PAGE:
Earlier today I was at the State Library of Ohio. Since I cannot go to the Columbus Metropolitan Library (I refuse to compromise my principles to go there), I am forced to look elsewhere for library services, and the State Library of Ohio is one of the locations I have found that can provide me with access to a wide variety of different books. My (very) local library does not force me to wear shoes, but being rather small, their selection is rather limited and the consortium they belong to also often does not have access to less popular books. Columbus belonged to Interlibrary Loan, so now I have to go to the State Library of Ohio to be able to get those sorts of materials.
But what I mainly want to write about here is how I ended up at the State Library of Ohio. After I lost my lawsuit, I tried finding other libraries I could use. One of them was the Stark County District Library in Canton, Ohio. They didn’t have a shoe rule. Another one was the Worthington Library (which was actually pretty convenient, being right near Columbus). Even better, they shared their catalog system with the Columbus Library, so I could reserve a book, have it shipped to the Worthington Library, and check it out there. I did that for over a year.
But then my magic mojo kicked in. That’s the mojo that makes supposedly rational adults decide they have to make a shoe rule, not because there is a problem, but . . . just because. So now I cannot go there any more either.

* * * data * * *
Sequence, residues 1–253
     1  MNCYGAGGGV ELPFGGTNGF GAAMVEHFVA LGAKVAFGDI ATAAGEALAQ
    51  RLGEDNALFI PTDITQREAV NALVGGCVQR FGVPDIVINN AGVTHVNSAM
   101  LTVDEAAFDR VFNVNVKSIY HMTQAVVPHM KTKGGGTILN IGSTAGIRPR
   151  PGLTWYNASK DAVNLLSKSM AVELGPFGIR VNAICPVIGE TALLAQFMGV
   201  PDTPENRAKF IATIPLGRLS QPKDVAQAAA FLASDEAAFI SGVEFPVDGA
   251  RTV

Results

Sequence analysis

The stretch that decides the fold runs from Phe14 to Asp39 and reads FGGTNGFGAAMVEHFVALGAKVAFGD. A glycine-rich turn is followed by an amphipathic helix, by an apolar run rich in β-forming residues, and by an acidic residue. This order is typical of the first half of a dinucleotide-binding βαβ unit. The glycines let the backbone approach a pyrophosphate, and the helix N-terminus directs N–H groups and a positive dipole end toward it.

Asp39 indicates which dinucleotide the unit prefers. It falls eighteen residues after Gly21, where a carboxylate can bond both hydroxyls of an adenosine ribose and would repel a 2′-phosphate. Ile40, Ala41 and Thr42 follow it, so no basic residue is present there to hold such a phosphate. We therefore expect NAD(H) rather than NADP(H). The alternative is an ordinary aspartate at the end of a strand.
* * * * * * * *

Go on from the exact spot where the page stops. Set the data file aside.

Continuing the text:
I had the same magic mojo kick in at the Stark County District Library, too. In that case, after going there a few times, a guard stopped me. I showed him their Code of Conduct, and he agreed there was no rule against it and he allowed me to stay. Not too long after that, their Board of Trustees passed their own shoe rule. What is really sad about that is that, back in the 1970s they even had a campaign on “Right to Read” that featured bare feet:
Among the promotional techniques employed, two are worth mention; sometimes the simplest idea creates the biggest impact. The simple idea was: feet. Paper feet in gay colors were stuck on walls, door, windows, cupboards, railings, catalogs, and ceilings. Waterproof feet led from the sidewalk to the front door of the Children’s Department. Feet with tennis shoes, horseshoes, shoes for tiny feet and big feet — even bare feet led to books, books, and more books.
And there is even a footnote in that article that says: “The Adult Department still calls attention to library hours with a large, bare foot next to the sign on the front door.” Well, no more.
Isn’t that a really impressive show of power on my part? I can go to a library and, without bothering anybody, force them to change their rules to deal with a non-problem.
Isn’t it great to have that feeling of power? Well, no. No it isn’t.